- - Sunday, November 10, 2019

“Saturday Night Live” has a cast of urban New York City sophisticates that occasionally lampoons its cousins in rural Upstate and Western New York as hopeless rubes. One cast member recently described it as that part of New York State that still flies the Confederate flag. Having retired to Western New York — with breaks in Florida in winter — I’ve yet to see a Confederate flag. However, I see many more American flags there than I do in the New York City or Washington, D.C., metropolitan areas.

Beginning November 11th, there will be a huge replica of the American flag made with artificial poppies in upstate Livingston County. It will constitute the county’s Veterans Monument.

Livingston County is about 30 minutes south of urban Rochester, but a thousand miles away psychologically. Old Glory still flies at the county courthouse, and church attendance is strong. The towns and villages have monuments to their war dead, but this memorial is different. It celebrates our living veterans and their legacy.

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Our country has a conflicted history with our living veterans. The challenges of the survivors of the Revolutionary and Civil Wars and even the Bonus Marches of the 1930s are ancient history, but the dwindling survivors of World War II have seen massive diversity in the treatment of returning vets in the years since Japan surrendered in 1945.

The “Greatest Generation” received parades down Broadway and the Main Streets of most towns and villages of our country as did the returning warriors from Desert Storm in 1991. Both were popular and victorious wars. However, the reception for more ambiguous conflicts that have had no clear outcomes has been much more mixed.

Even though they stopped Communist aggression cold in Korea, the veterans of that conflict received muted welcomes when they returned. The same is true of those who have served in the Global War on Terror since 9/11. Most have been thanked for their service in one way or another. But since the outcome remains a work in progress, the 98 percent of the nation that has not served have become largely numbed to the conflict.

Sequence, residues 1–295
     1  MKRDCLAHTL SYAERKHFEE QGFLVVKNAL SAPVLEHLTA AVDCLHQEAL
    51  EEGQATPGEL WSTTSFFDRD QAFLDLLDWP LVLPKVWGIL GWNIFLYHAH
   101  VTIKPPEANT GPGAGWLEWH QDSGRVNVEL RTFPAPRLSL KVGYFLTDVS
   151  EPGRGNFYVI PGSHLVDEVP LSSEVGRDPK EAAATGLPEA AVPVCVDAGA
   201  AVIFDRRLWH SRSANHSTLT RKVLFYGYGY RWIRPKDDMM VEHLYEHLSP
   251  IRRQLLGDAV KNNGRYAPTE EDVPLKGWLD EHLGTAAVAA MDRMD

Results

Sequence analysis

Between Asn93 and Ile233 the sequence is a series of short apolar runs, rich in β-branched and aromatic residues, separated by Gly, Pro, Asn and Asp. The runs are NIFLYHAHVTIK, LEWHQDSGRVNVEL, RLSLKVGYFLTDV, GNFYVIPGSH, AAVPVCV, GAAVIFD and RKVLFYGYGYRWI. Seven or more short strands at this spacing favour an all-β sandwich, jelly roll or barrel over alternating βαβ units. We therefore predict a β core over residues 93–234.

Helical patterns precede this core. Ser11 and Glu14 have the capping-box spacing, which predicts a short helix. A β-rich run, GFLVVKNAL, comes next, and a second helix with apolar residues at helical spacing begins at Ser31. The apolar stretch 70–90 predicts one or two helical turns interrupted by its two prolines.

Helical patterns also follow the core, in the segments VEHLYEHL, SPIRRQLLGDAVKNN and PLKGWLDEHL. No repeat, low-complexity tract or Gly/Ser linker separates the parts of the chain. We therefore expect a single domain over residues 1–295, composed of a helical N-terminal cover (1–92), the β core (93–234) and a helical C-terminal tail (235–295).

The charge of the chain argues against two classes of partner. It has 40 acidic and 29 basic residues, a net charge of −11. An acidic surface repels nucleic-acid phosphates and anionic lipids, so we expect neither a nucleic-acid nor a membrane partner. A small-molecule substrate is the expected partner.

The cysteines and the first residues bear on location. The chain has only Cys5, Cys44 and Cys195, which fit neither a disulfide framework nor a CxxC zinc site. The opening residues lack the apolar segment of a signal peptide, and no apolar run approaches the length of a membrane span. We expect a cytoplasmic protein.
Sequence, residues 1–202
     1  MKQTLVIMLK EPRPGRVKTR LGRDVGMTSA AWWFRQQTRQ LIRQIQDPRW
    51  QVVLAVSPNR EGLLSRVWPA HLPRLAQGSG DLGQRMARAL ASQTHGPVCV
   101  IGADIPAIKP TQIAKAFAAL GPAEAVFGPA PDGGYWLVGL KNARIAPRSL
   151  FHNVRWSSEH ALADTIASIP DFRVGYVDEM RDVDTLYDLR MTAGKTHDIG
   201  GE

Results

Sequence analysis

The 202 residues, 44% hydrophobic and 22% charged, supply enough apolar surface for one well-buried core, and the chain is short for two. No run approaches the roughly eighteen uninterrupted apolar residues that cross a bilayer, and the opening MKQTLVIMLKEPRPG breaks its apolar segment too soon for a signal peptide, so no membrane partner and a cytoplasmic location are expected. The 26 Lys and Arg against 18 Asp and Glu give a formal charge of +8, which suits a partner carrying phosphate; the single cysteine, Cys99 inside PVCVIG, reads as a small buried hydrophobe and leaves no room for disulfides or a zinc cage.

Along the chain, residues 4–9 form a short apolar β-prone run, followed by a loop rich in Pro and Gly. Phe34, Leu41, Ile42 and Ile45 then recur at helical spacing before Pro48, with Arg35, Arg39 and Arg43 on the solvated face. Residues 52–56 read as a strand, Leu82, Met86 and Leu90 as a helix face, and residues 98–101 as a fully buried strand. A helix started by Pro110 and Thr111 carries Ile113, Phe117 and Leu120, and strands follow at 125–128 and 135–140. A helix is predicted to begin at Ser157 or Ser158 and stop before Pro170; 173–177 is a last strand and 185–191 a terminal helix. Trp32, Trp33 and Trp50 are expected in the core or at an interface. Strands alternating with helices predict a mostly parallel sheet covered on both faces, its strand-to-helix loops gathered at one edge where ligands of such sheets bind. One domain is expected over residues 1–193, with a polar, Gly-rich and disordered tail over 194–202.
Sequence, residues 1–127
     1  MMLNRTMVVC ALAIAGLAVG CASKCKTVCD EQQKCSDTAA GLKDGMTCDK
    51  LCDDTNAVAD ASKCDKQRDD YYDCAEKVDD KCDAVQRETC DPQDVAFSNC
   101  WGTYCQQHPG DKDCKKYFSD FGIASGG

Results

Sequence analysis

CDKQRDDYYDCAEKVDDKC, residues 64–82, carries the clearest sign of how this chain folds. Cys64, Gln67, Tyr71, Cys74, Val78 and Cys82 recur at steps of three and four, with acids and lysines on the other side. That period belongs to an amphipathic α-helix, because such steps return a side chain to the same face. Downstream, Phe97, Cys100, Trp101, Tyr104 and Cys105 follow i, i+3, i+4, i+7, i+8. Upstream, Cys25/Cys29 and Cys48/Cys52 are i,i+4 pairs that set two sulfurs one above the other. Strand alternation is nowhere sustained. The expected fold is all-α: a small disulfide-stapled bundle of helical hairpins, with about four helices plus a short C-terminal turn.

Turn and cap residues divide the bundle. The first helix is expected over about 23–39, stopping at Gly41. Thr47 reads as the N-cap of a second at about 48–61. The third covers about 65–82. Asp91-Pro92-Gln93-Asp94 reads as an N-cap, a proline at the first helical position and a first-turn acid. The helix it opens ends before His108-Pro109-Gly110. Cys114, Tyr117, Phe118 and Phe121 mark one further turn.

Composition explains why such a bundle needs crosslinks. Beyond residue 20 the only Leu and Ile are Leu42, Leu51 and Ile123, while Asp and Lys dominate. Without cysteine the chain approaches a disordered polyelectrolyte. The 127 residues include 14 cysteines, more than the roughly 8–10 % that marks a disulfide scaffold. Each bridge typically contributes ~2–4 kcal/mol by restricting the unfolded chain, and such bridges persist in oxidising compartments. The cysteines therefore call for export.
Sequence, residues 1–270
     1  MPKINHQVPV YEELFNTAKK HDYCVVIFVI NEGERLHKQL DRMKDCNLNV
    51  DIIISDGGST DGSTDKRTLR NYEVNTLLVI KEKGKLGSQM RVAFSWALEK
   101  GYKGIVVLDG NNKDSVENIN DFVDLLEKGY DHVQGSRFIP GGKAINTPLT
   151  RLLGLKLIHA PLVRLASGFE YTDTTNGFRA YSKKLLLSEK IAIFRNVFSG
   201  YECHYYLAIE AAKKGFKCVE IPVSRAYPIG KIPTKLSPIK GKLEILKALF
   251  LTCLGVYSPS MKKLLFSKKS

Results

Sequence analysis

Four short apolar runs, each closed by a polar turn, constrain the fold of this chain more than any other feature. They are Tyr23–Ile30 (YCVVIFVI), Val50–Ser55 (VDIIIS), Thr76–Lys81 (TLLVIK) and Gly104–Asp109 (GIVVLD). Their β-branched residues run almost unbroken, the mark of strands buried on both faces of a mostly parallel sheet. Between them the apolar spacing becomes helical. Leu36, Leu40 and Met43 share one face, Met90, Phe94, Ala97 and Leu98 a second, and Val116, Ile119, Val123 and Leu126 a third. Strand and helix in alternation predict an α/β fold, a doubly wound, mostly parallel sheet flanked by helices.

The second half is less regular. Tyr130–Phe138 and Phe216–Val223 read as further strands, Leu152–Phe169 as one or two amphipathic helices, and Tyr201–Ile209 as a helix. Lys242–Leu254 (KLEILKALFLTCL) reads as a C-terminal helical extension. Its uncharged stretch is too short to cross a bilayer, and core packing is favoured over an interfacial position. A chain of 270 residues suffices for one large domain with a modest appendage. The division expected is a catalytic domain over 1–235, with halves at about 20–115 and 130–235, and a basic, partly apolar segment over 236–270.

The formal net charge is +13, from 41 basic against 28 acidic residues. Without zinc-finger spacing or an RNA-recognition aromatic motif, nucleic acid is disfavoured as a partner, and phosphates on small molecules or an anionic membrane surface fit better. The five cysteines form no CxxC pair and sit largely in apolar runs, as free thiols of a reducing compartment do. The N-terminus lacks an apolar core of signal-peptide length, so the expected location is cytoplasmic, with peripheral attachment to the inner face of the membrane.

However, numbness is better than the deplorable outright disdain that many Vietnam veterans received when they returned to our nation’s ports, bus stations and airports. Many of those opposed to the war couldn’t get at the politicians who were directing the conflict, so they took it out on those who were fighting it.

The Vietnam Veterans Memorial in Washington has done much to give many of the war’s veterans closure on this disgraceful period in America’s relationship with our veterans, and the citizens of Livingston County hope that their memorial will help as well.

Perhaps the group most neglected in recent history are the Cold War veterans who served from the end of the Korean War until the beginning of Vietnam. Until recently, some were not even allowed to join the American Legion. It has been said that it was not their fault that we didn’t have a war on their watch; that is the wrong way of looking at it.

It was their fault that there was no thermonuclear war with the old Soviet Union. They deterred war by manning the bastions of freedom along the DMZ in Korea, the Berlin Wall, the Iron Curtain and the Defense Early Warning Line that separated the Free World from the totalitarian USSR and enabled its eventual collapse.

As Livingston County dedicates its memorial, the participant that has received the most conflicted reception from the general American public has been the flag represented at the site. Our soldiers have marched under it in victory as well as defeat since 1776. It has known moments of triumph. But like our warriors in Vietnam, it has been disrespected and denigrated. Even today, some young athletes kneel in disrespect forgetting — or not knowing — that it was a version of that flag that the soldiers who freed their ancestors from slavery fought under.

Throughout history, cultures have passed down their traditions and sense of honor though oral storytelling. If the Livingston County Memorial serves its purpose, it will give our veterans — present and future — a place to bring their children and grandchildren to tell their stories. Some stories will be fond memories and some sad because service also involves sacrifice. If that happens, it will make the memorial worthwhile. As the vets join the long line of heroes in the county’s cemeteries, they will stay alive in the memories of those they will have left behind.

This article is excerpted from remarks made at the Nov. 11 dedication of the Livingston County Veterans Monument.

• Gary Anderson lectures in Alternative Analysis at the George Washington University’s Elliott School of International Affairs.

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